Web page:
Dave Haan sent me (off-list) a few comments
on Litt/Lit and Sylvia O' Donnel. He agreed that I share it with
"...your Lit vs Litt observation: Everyman faithfully
reproduces what's in the First Impression (Lit in the poem, Litt in the
commentary), but Kinbote's not consistent, as he uses the former form in the
preface, referring to "Lit. 202".
On your other query, I'd raised the
question in the NYTimes' discussion of Boyd's book, which he quotes in his
follow-up "Azure Afterimages" in Nab Studies #6: "[Sylvia O'Donnell]'s the only
character who bridges Zembla and New Wye (at least in Kinbote's mind) and seems
well-connected: mother of Odon (1st marriage), wife of Gusev, Duke of Rahl
(who's Oleg's father), in process of divorcing Lionel Lavender (cousin to
Joseph, who's nephew is Gordon)." I missed Nodo, index listing as "son of
Leopold O'Donnell and of a Zemblan boy impersonator". So there's no blood
relation between any of them, excepting the mirror-imaged half-brothers."
added: "Boyd's article posits Sylvia O'Donnell as Kinbote's
"wish-fulfillment antithesis" of Sybil Irondell Shade, and counterpoint to the
"woman spurned" theme. The index ref to Nodo, "boy impersonator", echoes C275:
"He [Charles] saw nineteen-year-old Disa for the first time on the festive night
of July the 5th, 1947, at a masked ball in her uncle's palace. She had come in
male dress, as a Tirolese boy, a little knock-kneed but brave and lovely..."
Curiously this reference is omitted in the index entry for Disa. C433, which is
referenced, compares Disa to Sybil Shade: "Now the curious thing about it is
that Disa at thirty, when last seen in September 1958, bore a singular
resemblance not, of course, to Mrs. Shade as she was when I met her, but to the
idealized and stylized picture painted by the poet in those lines [261-267] of
An innocuous phrase embedded therein, "when last seen", repeated
in concluding Sylvia O'Donnell's index entry, "when last seen in this
Index".(Howzat for going full circle?). Good luck unravelling the familial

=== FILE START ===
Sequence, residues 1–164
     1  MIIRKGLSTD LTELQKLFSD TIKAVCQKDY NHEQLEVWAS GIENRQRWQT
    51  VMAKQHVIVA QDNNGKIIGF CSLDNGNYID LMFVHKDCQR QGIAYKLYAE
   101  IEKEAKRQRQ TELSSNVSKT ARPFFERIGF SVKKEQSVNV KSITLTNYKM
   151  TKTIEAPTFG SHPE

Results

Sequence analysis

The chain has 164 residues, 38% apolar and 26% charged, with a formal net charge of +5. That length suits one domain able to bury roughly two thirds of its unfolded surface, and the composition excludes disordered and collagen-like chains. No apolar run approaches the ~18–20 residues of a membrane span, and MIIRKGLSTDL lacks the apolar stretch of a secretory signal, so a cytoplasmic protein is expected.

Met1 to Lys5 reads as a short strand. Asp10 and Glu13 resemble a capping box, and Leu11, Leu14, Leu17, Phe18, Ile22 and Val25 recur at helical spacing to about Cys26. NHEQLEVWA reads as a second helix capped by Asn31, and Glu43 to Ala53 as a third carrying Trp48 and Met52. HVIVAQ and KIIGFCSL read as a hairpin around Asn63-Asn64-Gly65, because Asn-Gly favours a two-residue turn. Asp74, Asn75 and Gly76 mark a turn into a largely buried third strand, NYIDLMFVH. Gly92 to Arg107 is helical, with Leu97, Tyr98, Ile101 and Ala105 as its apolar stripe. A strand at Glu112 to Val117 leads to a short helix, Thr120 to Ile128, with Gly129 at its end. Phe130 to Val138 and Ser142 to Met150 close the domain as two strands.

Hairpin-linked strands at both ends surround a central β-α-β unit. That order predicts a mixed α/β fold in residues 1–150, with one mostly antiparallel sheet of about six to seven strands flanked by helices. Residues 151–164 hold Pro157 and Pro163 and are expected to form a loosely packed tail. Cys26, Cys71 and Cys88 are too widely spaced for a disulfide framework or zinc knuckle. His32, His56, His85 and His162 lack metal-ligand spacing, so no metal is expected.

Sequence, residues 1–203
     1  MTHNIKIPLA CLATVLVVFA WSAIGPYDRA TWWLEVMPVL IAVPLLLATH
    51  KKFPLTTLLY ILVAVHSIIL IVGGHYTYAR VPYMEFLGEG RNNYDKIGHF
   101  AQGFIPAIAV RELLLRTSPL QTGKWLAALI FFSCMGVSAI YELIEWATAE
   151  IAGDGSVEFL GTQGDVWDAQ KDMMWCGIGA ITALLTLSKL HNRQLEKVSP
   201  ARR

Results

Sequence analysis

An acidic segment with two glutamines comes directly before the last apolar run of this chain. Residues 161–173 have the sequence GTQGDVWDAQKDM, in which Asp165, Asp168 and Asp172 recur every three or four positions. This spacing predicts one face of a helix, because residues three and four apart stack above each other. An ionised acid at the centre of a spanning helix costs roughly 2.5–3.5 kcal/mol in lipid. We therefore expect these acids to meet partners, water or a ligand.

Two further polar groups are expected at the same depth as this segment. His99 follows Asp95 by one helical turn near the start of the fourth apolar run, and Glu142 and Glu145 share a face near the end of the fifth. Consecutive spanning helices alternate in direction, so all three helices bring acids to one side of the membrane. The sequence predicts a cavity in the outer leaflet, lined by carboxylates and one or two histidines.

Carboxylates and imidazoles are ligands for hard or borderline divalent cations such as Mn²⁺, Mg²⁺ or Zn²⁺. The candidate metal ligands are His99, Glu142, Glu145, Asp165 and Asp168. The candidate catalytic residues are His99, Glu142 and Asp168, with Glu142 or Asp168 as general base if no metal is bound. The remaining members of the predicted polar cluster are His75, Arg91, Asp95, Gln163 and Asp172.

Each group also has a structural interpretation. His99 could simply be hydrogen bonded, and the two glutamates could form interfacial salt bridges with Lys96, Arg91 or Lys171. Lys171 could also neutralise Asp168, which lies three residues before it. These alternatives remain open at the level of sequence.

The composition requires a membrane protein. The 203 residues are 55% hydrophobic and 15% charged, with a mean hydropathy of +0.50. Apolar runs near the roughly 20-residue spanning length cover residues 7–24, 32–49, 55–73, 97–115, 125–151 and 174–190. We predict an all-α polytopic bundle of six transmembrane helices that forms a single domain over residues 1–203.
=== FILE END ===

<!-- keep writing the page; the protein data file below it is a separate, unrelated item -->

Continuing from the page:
relations (and the names), but I think the weave much tighter."
JM: Exceptionally good reporting, Dave.
Fortunately I have the #6 Nabokov Studies, with Boyd's original article
(2000/2001).I landed on those "familial relations" by sheer accident, as it's
wont to happen with me.
Would anyone believe it if I confessed that this
unfolding story began last week, when I set myself the task to
investigate the word "Onhava"?
In one of his elocubrations Kinbote
appended to the words "far,far away..." what could only mean
their translation in Zemblan, should it made any
sense gramatically speaking, ie, he added, in
Besides the actual use of "far,far away" by the creators of
"Shrek," with pomp and circumstance, I noticed that its first movie appearance
took place a long time ago. Just before Judy Garland bursts into singing "Over
the Rainbow," we learn that the land of which she'd heard in a lullaby is "far,
far away..." (grandkids help me to investigate Nabokov! ).
Unfortunately I'm unable to follow
Boyd's fantastic common-sense logic here, when he presents us
to Hazel's ghost or her lovely transformation in the hereafter, nor his
ideas about "women spurned" (with their proverbial wrath?). The hypothesis that
Sylvia could be Kinbote's "wish-fulfillment anti-thesis" of Sybil Shade makes no
sense at all if we consider Kinbote's homosexual constitution, misoginy and